activities and reckless driving.

                               In contrast, smoking was used by male characters to show
                               violent behaviour and dangerous acts. The interaction between
                               tobacco use, gender and the portrayal of specific behaviour
                               suggests that tobacco may be used to characterise "tough"
                               men and "bad" women, the researchers said.

                               Professor Sargent said: "Adolescents respond to role models
                               and persons of star status by emulating them. By allowing
                               stars to depict smoking behaviour on screen, the movie
                               industry may be contributing to the current epidemic of
                               adolescent tobacco use."

                               Doctors and anti-smoking campaigners have jumped on the
                               findings, condemning the widespread smoking as
                               irresponsible. The high level of smoking on screen runs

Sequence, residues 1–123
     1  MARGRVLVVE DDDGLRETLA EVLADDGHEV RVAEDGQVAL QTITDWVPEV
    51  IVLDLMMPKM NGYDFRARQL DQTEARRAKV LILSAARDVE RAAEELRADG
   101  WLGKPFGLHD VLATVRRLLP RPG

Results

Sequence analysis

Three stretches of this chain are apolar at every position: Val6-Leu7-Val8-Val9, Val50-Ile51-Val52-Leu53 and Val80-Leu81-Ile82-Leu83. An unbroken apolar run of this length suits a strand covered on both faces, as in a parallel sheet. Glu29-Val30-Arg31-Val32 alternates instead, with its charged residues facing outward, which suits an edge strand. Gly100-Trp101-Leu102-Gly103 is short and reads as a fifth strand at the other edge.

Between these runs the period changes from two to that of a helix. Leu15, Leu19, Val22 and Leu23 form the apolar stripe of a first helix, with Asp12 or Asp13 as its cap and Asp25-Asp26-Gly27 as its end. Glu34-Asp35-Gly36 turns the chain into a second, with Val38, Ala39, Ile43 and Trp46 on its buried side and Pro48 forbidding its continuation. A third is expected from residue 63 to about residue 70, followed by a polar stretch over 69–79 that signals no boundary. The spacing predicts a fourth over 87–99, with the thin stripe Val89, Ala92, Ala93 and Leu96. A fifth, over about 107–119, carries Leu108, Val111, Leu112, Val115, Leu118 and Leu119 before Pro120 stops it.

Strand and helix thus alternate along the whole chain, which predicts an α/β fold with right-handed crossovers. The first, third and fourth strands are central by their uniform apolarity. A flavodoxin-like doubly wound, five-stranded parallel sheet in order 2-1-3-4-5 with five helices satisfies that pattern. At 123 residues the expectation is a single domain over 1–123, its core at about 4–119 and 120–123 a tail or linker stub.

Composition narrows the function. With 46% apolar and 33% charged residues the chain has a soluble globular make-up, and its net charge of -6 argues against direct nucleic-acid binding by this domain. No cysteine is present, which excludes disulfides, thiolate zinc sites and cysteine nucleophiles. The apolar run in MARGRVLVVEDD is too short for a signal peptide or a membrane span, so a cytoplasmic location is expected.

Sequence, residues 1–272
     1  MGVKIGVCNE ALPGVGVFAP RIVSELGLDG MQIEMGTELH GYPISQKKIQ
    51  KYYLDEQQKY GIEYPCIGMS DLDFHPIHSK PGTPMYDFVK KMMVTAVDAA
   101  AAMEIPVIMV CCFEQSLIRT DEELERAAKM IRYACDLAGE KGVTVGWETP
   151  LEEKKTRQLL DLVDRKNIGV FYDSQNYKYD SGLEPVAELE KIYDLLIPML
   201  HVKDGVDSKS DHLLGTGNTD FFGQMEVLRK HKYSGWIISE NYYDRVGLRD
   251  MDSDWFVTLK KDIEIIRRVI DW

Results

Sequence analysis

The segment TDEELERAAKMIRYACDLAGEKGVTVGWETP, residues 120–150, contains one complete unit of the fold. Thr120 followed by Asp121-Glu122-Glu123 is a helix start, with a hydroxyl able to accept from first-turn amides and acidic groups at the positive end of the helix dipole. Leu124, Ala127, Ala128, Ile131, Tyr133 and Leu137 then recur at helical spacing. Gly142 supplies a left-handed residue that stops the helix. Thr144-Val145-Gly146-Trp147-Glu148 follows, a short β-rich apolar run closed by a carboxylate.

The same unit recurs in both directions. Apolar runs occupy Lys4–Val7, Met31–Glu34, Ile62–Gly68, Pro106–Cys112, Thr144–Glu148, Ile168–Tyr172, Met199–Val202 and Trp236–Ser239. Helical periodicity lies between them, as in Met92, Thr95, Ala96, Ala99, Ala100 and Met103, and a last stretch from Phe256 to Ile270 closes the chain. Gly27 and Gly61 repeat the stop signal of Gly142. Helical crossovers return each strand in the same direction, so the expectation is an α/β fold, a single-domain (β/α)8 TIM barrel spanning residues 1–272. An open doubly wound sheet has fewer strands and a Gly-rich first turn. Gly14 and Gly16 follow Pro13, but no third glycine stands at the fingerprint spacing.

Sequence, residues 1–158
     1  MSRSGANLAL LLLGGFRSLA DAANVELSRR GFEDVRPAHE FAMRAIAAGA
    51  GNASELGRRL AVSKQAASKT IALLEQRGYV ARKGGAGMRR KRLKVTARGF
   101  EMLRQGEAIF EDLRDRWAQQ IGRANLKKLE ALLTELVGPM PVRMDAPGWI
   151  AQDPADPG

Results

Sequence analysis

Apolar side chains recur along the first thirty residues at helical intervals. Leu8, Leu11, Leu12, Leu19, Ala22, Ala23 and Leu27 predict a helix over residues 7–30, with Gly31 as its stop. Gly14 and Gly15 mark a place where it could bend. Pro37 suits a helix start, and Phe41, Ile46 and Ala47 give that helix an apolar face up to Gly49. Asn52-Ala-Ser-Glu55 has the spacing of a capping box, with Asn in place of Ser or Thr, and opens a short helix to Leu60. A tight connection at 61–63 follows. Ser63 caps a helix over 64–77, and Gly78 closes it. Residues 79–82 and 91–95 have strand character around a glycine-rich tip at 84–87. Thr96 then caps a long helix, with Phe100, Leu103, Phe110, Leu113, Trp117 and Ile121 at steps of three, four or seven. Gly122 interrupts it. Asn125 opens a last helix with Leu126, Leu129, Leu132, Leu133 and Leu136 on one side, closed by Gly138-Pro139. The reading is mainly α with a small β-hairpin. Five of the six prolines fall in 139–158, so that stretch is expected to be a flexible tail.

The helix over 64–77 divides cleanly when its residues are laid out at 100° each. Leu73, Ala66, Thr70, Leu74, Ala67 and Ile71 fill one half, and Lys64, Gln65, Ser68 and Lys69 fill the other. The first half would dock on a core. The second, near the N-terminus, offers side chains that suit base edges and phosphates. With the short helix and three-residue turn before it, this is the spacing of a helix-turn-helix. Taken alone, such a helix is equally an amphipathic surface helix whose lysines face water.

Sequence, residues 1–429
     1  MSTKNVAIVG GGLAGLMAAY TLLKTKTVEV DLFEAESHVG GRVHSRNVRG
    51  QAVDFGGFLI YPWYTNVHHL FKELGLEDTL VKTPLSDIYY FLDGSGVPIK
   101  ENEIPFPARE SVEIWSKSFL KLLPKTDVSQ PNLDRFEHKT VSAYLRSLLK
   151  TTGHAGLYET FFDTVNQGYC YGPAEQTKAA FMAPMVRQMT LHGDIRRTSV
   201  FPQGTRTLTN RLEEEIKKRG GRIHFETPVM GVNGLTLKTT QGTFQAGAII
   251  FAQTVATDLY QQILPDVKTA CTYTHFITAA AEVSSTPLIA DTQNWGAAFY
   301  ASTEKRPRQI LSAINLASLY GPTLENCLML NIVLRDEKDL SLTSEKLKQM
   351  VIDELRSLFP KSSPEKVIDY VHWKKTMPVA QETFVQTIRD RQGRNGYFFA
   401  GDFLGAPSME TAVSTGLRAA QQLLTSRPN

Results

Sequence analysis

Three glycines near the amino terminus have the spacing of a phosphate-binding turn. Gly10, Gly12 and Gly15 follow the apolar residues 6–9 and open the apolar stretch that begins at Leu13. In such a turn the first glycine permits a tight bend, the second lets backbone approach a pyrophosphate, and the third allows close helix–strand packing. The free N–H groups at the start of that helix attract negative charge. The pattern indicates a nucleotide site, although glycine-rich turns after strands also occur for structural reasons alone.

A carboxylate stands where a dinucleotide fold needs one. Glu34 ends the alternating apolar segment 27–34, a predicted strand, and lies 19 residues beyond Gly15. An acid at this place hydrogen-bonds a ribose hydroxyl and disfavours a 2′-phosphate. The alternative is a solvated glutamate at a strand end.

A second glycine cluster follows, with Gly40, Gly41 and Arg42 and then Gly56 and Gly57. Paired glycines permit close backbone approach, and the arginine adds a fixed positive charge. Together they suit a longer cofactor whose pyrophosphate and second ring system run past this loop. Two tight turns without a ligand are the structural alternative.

counter to the realities of smoking in western society, where
                               adult smoking is generally in decline, they said.

                               In Britain, the number of smokers has fallen to 27 per cent of
                               the adult population, although the latest figures show that
                               smoking among teenage girls is rising.

                               James Sargent, professor of paediatrics at Dartmouth Medical
                               School, who presented the research yesterday at the annual
                               meeting of the Paediatric Academic Societies in Boston,
                               Massachusetts, said that although the film industry had said in
                               1990 it would not to take money from tobacco companies to
                               show their products on screen, the prevalence of smoking in
                               movies was still very high. "Children viewing movies will
                               frequently be exposed to tobacco use as normative and even
                               glamorised behaviours. Parents cannot rely on movie ratings
                               to screen movies for tobacco use," he said.

                               Co-author Dr Madeline Dalton said: "We are especially
                               concerned about tobacco use by popular stars because we
                               believe this is likely to have the greatest impact on adolescent

                               Amanda Sandford of Ash, the anti-smoking group, said:
                               "Smoking tends to be portrayed in a glamorous way which
                               makes it more attractive to people. If films portrayed the reality
                               of smoking they would have people choking, wheezing and
                               dying of lung cancer."

[Virginia GASP]  Updated 18 February 2004